Ask: Are low-fat foods really healthier than full fat foods?


Question : Are low-fat foods really healthier than full fat foods?

For decades, the notion that all fat is bad has been a priority message from health officials and our favorite brands. Low-fat products have popped up everywhere, from yoghurt and milk to soda and snacks as a reaction to the idea that we should reduce the amount of saturated fats in our diets. Low fat was equated with a more health-conscious lifestyle and the products have been flying off the shelves. In fact, brands that didn’t follow the trend saw a significant drop in customers and many were forced to adopt a similar model.

But was it all in our best interest? Is full fat really that bad? New research supports that eating full fat products does not necessarily lead to more weight gain than eating low fat. In fact, studies have concluded that the fat in full fat products can actually benefit our health in the long run.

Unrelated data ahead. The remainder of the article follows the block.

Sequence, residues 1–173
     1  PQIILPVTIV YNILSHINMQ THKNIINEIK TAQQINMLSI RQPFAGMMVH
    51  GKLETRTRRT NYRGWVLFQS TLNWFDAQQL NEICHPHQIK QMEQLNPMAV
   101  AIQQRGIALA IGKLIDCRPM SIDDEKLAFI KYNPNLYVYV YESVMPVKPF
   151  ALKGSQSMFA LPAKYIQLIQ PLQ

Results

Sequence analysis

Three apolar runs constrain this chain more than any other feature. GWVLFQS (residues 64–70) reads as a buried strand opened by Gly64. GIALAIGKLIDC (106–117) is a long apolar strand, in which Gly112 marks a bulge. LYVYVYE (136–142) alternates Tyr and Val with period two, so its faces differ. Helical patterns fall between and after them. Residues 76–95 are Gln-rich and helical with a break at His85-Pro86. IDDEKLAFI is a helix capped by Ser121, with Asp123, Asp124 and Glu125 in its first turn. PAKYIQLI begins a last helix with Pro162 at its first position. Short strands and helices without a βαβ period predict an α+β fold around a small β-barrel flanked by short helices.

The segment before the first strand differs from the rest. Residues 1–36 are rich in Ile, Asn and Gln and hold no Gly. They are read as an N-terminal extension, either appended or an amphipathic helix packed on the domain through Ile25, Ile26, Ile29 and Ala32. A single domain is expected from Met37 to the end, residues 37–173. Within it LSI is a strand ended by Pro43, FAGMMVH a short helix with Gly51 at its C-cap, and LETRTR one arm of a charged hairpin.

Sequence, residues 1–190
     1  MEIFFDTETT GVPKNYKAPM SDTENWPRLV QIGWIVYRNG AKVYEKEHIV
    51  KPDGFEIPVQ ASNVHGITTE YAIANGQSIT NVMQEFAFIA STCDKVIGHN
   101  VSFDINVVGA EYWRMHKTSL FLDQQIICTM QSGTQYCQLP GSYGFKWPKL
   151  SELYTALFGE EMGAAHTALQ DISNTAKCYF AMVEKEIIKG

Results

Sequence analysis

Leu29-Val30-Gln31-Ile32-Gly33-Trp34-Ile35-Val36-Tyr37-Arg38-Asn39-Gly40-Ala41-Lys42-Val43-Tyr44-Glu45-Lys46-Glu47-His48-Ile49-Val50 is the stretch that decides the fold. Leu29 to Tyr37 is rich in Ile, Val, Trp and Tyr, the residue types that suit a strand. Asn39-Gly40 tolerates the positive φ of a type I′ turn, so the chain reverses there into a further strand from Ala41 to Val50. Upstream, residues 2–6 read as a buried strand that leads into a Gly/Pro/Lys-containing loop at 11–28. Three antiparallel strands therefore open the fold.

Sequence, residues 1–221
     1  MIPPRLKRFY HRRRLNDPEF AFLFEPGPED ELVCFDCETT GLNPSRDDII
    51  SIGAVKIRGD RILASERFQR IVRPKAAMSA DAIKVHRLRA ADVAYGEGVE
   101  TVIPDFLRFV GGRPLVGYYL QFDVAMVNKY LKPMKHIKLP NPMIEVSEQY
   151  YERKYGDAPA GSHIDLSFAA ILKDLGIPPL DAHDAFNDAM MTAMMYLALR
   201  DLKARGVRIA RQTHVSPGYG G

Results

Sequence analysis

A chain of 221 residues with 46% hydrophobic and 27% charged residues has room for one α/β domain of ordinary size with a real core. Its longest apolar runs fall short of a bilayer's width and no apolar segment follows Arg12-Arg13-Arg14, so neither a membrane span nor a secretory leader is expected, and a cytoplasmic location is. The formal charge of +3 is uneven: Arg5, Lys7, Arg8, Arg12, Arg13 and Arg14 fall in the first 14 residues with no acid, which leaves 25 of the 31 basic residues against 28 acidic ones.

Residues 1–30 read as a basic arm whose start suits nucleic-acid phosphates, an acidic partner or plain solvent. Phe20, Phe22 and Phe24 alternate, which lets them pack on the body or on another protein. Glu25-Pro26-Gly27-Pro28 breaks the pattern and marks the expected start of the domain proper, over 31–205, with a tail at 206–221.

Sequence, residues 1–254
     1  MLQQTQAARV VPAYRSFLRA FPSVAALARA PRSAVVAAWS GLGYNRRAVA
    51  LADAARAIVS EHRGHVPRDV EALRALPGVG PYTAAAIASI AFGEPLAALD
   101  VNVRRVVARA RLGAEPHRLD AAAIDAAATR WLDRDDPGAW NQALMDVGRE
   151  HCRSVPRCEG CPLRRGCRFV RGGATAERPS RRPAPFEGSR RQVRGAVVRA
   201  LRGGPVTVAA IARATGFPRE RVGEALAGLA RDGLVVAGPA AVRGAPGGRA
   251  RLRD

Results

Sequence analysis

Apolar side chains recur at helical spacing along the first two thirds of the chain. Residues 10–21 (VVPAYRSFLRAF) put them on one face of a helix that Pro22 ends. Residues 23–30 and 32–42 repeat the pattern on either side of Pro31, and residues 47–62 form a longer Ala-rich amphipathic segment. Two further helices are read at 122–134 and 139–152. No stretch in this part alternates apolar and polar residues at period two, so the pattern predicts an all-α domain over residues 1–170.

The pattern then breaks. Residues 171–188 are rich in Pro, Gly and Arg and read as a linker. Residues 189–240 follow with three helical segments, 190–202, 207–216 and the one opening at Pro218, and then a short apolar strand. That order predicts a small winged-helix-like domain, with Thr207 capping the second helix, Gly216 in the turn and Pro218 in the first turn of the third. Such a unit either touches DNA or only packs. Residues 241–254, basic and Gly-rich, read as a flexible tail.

Low fat products have been given a bad rep lately because of the way they are produced. In order to ensure the products are low in fat, manufacturers have had to alter the oils used as well as add in sugar supplements to ensure the products still taste good. All of this means that low in fat products are actually high in carbohydrates, and therefore have similar calorie counts to the full fat version. Unfortunately, a diet that is high in carbohydrate and sugar can lead to obesity and heart disease just as quickly as a full fat diet.

Not all fat is bad fat. Some fats, like those found in nuts, seeds and oily fish provide essential fatty acids like omega-3s that are important in helping maintain healthy blood vessels, bone health and the absorption of certain necessary vitamins. A better choice is to be conscious of eating the good fat variety like nuts, olive oil, fish and avocado. And don’t underestimate the benefits of a full-fat Greek yoghurt. It’s packed with protein and probiotics for better gut health and improved digestion.


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